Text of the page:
Quote:
Originally Posted by jakmal /forum/post/19441571


As for the software reporting what you watch, I agree it doesn't look good. Actually, I am not a big fan of the 'social aspect' that Boxee promotes, but more interested in just the UI and actual media capabilities / sprinkling of access to online content. That said, Google is also no saint in this matter. I am sure your GTV browsing will be safely recorded into your account activity
(I am actually a big fan of many Google products, and personally don't mind them 'prying' in once in a while with respect to results for my search queries etc., but that is going a bit off-topic)

I'm with you on this - I wonder if this 'social aspect' isn't just an excuse for snooping. I don't think its the job of a playback device to poke its nose in to that. Of course on GTV people should be able to make Android chat programs, so people could chat with friends whilst they were watching something streaming.

Quote:
Originally Posted by jakmal /forum/post/19441571


This will not be the full Google TV experience, because many of the features are tied to the CE4100 platform. I had said this before in one of my initial posts in this thread.. the open sourcing will be similar to the open sourcing of the Linux code for a streamer like the WDTV. Yes, it is there, and the developers can take it and tweak it, but only to a certain extent (similar to what is being done by b-rad for WDTV)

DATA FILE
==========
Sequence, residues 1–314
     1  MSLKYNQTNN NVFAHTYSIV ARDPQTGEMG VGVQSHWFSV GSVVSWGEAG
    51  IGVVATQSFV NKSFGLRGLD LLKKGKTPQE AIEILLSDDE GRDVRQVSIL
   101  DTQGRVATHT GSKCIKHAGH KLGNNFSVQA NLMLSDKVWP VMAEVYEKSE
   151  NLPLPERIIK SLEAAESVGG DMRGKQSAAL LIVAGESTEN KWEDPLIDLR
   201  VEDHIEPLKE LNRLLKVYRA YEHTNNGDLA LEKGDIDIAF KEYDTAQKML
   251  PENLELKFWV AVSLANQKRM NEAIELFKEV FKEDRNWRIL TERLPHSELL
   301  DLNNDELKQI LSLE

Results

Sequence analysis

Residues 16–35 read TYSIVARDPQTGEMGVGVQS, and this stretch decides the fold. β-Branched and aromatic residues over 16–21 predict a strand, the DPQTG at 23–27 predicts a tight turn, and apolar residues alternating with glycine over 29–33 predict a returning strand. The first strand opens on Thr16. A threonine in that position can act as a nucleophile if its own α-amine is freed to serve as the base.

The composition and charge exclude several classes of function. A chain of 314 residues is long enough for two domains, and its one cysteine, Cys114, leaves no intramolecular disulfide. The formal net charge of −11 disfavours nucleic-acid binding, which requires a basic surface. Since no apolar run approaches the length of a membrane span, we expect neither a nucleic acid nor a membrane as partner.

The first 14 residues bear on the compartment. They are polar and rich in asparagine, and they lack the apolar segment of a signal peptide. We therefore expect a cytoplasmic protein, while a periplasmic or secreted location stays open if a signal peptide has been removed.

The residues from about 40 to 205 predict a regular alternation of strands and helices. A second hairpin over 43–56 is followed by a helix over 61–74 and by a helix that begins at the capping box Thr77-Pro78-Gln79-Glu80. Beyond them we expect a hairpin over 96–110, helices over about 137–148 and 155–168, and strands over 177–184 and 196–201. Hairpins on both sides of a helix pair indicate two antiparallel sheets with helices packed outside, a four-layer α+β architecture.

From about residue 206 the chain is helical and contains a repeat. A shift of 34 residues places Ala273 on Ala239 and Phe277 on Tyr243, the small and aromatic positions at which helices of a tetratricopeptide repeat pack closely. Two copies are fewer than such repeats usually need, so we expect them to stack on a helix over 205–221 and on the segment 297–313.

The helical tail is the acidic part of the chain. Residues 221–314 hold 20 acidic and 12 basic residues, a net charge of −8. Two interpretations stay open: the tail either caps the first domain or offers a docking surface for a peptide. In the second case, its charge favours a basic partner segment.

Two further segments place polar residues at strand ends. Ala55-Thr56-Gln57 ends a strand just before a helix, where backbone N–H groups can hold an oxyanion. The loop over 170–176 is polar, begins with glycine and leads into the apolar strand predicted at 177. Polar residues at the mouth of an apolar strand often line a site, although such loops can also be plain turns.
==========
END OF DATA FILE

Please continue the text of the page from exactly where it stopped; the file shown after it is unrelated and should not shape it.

Well with the WDTV that is of course extremely limited - seems the extend of Western Digitals support is that they refrain from suing him.


But I would imagine with the Google TV source that whilst the library will call a play routine, one could write an emulation layer for that.

But perhaps not. If its on the level of the WDTV that would be a downer for enterprising modders. Though if you look at what the potential hackers at say XDA are talking about, they want to mod the Google TV hardware, not run it on PCs.


Quote:
Originally Posted by jakmal /forum/post/19441571


Not necessarily
They can have a 'Live CD' or 'USB stick' boot and run GTV as a separate OS. GTV is already Android compiled for x86 platform, so it should run OK on any HTPC.


Really? Is that for development?


Quote:
Originally Posted by dack70 /forum/post/19442580


I don't know much of anything about Boxee, but from the posts here, it sounds like the strength of it will be it's media streaming capabilities. Is this true? If this is true and it has the same chip in it, is there any reason the Revue won't also be able to perform media streaming just as well or even better, once the app store opens and developers start creating media streaming apps?

I guess it would depend on whether or not Google allows developers access to the full range of the chips ability - if they do that then yes you would think they could batch the Boxees ability.

Indeed as someone quoted upstream, the ceo of Boxee said they might be doing a client for the Google TV.
 

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Quote:
Originally Posted by dack70 /forum/post/19442836


What kind of crazy site are you sending me to?


I'll try it out later tonight and let you know how it goes.